--The pattern of misusing and abusing the Bible in order to justify oppression: Rogers focuses in on slavery (or Black civil rights) and woman's rights. In both cases, these groups were viewed as inferior based upon a biblical curse, their moral character, and their willfully sinful nature. Rogers briefly attempts to explain how seemingly upright individuals could come to hold such repugnant views, concluding that it was a mixture of bad biblical interpretation and philosophical presuppositions. He finally notes that the same pattern has reappeared in the LGBT controversy with gays and lesbians simply taking the place of Blacks and women.

--Biblical interpretation methodology: On this issue, Rogers contends that the general or persistent themes surrounding the life and purpose of Jesus are to be given interpretative priority over individual passages isolated from this overarching narrative. As he states, "The Bible is a story, and its central character is Jesus Christ" (56). Rogers thinks that these general themes should be held in the forefront when interpreting each passage of Scripture, especially passages referring to narrow commandments or moral prerogatives. In light of this, he holds that Jesus' words on divorce should be seen as ideals desired to be held but not slavishly enforced. Regarding homosexuality, the centrality of God's love and the need to love one's neighbor is seen as providing good grounds for equal treatment of homosexuals.

--Specific Biblical texts related to homosexuality: Here he argues that all of the texts proffered as evidence for the immorality of homosexuality fall short of establishing this. His primary claim is that none of these passages address homosexuals involved in committed and loving relationships. The homosexual activity referred to in these passages always have some other element (e.g., prostitution, ritual uncleanliness, etc.) that makes them disanalogous to the contemporary homosexual.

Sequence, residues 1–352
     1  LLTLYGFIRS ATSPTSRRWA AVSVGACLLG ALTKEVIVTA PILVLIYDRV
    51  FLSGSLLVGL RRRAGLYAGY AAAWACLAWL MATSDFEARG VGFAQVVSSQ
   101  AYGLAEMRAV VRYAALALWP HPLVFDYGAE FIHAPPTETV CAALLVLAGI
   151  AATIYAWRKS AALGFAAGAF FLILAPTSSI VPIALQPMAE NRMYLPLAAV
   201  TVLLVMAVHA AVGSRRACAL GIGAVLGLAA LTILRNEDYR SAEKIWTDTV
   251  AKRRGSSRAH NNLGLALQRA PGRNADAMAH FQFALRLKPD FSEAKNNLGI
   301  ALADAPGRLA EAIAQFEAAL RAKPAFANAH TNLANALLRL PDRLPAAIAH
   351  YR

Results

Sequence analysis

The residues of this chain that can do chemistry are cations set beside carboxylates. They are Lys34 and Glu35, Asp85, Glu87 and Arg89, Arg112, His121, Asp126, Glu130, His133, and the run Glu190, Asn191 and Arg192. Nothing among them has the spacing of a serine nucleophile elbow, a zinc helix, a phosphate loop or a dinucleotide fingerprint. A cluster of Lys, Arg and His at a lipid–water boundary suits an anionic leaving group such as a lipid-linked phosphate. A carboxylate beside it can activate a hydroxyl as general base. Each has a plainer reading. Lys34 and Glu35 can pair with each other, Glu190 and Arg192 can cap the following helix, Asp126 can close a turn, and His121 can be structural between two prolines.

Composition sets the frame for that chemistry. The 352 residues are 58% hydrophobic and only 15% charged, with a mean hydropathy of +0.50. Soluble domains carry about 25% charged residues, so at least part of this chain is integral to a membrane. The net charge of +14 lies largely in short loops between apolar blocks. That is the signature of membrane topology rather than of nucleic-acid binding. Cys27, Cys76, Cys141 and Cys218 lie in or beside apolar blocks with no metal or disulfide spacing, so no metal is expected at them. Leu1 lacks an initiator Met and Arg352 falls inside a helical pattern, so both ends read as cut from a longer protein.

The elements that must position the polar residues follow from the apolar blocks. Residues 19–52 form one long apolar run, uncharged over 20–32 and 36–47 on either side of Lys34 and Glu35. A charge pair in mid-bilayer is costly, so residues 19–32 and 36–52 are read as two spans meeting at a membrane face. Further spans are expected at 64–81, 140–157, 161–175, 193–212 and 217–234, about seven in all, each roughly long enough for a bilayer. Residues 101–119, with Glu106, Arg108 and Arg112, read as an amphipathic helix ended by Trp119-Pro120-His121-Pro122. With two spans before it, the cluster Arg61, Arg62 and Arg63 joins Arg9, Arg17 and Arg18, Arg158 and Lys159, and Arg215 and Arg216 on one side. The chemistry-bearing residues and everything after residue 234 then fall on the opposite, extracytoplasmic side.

--Engaging living examples of homosexual commitment: Rogers thinks that actually meeting and witnessing the commitment and love present in homosexual relationships can serve as evidence for accepting God's blessing of such a relationship. Following several New Testament scholars, he thinks that Acts 15, in which the gentiles were included in the blessings of the covenant, can serve as a precedent for accepting a formerly rejected class based upon seeing God's spirit at work in and with them.

Coming to the book from a traditional perspective, I found his arguments to be interesting, enlightening and challenging. He presents a good case within a small framework. The strength of the book, I think, is in his exposition of the "problem verses." Though his presentation is brief and one-sided, the cultural issues surrounding these passages does at least give one (or at least me!) a moment's pause before coming to the traditional conclusions. There were still, however, several aspects of the book which I found wanting.

Rogers' particular methodology for interpreting Scripture isn't exactly clear and maybe even inconsistent. Coming to the text from a big picture perspective (absent a belief in the inerrancy or infallibility of scripture, which I don't think Rogers' has) presents the problem of discerning which Biblical particulars are to be authoritative--or morally imperative--and which aren't. This approach leads him to hold the view that Jesus' statements about divorce are to be taken as ideals but aren't expected from his followers. Yet when it comes to sexually promiscuous behavior, Rogers seems to think that the Biblical condemnation of this is to be taken at face value. The reasoning on this goes as follows: proper sexual conduct is restricted to married (or at least committed) relationships because that is how God structured human sexual conduct, and we know this from the Bible. But I could envision a proponent of sexually promiscuous behavior presenting a case very similar to the one Rogers presents for homosexuality. If this problem is insuperable (though I doubt it is), the texts specifically related to homosexual behavior would be even more important.